Logged

Bruce Guttman
Solo Trombone, Hollis Town Band
Section Ldr, Merrimack Valley Philharmonic Orch.
sly fox
love old trombones' engravings

*
Offline Offline

Location: here, there, anywhere but mostly Topeka KS
Joined: Oct 25, 2008
Posts: 15292
"trombone enthusiast, photos of trombones - gallery"


View Profile
« Reply #24 on: Sep 07, 2011, 06:06AM »

Do you know about the huge financial reform signed into law a little over a year ago?  It has been completely dismantled without any legislation being passed, it doesn't have its regulatory body set up after a year, and most of its provisions were either completely scrapped or are ineffective.  It was supposed to be the strongest financial reform bill since the Great Depression.  Instead, it's a joke.

are you referring to this, or part of this??? 

Quote
Commodity Exchange Act, Consumer Credit Protection Act, Federal Deposit Insurance Act, Federal Deposit Insurance Corporation Improvement Act of 1991, Federal Reserve Act, Financial Institutions Reform, Recovery, and Enforcement Act of 1989, International Banking Act of 1978, Protecting Tenants at Foreclosure Act, Revised Statutes of the United States, Securities Exchange Act of 1934, Truth in Lending Act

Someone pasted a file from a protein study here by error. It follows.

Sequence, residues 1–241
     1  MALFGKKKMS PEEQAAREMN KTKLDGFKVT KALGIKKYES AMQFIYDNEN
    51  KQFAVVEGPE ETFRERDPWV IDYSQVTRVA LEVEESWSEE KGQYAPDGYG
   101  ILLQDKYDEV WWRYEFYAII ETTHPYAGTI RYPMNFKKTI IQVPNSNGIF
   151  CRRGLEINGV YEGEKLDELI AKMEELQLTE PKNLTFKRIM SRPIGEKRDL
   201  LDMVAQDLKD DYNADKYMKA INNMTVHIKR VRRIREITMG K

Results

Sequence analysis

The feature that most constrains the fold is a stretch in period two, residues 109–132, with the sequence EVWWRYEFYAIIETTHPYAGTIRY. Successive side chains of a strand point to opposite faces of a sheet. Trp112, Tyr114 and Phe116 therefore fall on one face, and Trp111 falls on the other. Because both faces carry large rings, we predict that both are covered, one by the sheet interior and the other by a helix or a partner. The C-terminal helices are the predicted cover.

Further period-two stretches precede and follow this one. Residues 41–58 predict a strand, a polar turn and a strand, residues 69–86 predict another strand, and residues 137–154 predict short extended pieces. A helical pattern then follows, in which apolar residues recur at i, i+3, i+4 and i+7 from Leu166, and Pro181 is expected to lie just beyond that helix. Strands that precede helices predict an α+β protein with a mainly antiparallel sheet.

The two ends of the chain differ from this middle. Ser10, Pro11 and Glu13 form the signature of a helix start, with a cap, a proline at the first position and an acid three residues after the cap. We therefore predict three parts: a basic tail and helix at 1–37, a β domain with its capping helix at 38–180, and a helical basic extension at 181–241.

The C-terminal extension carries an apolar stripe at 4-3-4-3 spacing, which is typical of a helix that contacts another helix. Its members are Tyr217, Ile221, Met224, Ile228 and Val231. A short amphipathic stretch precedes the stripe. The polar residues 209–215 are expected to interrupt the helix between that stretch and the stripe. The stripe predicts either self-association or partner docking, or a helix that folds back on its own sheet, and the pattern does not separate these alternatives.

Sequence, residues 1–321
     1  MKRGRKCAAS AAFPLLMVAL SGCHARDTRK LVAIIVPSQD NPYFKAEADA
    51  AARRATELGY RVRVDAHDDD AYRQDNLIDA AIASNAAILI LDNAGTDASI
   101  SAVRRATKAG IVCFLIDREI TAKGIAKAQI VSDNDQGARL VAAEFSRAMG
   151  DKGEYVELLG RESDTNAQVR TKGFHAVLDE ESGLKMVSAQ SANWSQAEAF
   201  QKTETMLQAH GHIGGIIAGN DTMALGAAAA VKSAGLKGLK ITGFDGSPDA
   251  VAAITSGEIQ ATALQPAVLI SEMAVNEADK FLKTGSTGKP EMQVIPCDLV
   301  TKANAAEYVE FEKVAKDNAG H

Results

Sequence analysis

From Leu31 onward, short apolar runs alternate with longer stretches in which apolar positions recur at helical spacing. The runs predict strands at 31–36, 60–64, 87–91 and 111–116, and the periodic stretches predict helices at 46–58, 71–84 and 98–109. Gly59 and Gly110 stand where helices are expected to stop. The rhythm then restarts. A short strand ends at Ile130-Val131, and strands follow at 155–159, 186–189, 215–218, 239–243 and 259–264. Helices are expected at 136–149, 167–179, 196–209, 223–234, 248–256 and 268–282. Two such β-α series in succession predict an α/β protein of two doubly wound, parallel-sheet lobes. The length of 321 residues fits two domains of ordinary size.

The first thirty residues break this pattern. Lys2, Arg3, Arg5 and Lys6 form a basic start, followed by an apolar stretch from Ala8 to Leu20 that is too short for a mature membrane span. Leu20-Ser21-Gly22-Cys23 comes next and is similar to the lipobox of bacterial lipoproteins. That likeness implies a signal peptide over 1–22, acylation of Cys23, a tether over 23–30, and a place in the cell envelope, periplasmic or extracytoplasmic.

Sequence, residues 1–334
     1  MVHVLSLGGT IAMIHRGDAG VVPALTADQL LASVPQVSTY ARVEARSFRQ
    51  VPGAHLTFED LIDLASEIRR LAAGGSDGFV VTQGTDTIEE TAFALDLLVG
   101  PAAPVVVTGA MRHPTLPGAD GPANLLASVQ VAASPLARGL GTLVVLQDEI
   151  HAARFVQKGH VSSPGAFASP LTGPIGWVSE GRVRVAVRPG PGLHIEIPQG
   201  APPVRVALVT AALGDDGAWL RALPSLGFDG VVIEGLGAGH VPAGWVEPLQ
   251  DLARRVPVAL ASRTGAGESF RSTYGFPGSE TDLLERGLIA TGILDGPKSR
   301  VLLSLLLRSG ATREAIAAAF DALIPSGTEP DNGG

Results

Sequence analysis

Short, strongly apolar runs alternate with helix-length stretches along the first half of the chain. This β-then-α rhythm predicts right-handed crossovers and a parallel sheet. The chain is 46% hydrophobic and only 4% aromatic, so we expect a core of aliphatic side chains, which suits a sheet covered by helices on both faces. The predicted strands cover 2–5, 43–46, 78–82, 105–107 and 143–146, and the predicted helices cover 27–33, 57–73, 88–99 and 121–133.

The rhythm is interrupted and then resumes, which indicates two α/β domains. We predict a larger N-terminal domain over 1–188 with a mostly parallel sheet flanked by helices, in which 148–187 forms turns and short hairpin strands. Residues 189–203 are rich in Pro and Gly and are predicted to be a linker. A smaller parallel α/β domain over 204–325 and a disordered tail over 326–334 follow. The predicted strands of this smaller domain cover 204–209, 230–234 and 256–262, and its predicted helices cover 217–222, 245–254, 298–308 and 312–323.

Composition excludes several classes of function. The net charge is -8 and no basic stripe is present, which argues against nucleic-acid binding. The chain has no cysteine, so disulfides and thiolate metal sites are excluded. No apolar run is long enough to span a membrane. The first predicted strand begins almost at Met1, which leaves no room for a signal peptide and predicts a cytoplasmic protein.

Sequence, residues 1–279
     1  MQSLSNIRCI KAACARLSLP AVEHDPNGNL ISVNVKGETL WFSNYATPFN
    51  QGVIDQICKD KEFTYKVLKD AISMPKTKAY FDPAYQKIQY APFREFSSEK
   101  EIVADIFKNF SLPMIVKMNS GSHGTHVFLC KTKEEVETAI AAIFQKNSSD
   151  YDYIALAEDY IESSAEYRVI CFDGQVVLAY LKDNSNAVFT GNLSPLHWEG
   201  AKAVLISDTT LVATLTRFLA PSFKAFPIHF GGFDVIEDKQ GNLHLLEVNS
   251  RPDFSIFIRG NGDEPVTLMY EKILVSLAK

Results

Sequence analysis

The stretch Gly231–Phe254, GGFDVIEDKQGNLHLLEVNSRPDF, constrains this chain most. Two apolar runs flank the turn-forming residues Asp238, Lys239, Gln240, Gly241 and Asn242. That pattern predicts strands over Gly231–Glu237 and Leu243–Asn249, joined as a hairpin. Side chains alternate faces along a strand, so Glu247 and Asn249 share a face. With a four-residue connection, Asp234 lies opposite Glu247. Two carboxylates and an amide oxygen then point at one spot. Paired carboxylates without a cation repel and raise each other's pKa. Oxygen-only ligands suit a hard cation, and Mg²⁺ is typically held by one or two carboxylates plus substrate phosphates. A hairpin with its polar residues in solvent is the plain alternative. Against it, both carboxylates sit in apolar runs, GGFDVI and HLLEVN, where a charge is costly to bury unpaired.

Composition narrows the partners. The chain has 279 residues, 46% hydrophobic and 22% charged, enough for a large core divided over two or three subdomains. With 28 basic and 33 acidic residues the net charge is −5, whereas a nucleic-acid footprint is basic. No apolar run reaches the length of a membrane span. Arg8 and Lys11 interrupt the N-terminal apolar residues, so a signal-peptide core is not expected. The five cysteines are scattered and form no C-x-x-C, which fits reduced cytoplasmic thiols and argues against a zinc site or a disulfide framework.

aka "Dodd/Frank"

http://frwebgate.access.gpo.gov/cgi-bin/getdoc.cgi?dbname=111_cong_bills&docid=f:h4173enr.txt.pdf

It is a huge numbers of laws, actually, and will take years to implement,if it is implemented.

http://www.campaignmoney.org/blog/2011/07/20/one-year-later-after-dodd-frank

Quote
ONE YEAR LATER: After Dodd-Frank Financial Reform, Do the Banks Still Run the Place?


http://www.advisorone.com/2011/05/16/will-the-112th-congress-repeal-doddfrank

Quote
Will the 112th Congress Repeal Dodd-Frank?

http://www.securitiesdocket.com/2011/01/20/how-can-congress-kill-dodd-frank-by-underfunding-it/

Quote
How Can Congress Kill Dodd-Frank? By Underfunding It

 January 20, 2011, 7:44 am
Logged

Allen
First and foremost I'm a proud Dad & lucky Husband.  They say great minds can differ (not that I claim to have a great mind).  Remember that $ and my opinion buys coffee at the diner.
PWCom
*
Offline Offline

Location: Wichita, KS
Joined: Oct 18, 2009
Posts: 149

View Profile
« Reply #25 on: Sep 07, 2011, 06:19AM »

Yes, I believe I was referring to the Dodd-Frank bill.  I simply didn't have information in front of me or the time to look it up. 
Logged

Call me Pat.
sly fox
love old trombones' engravings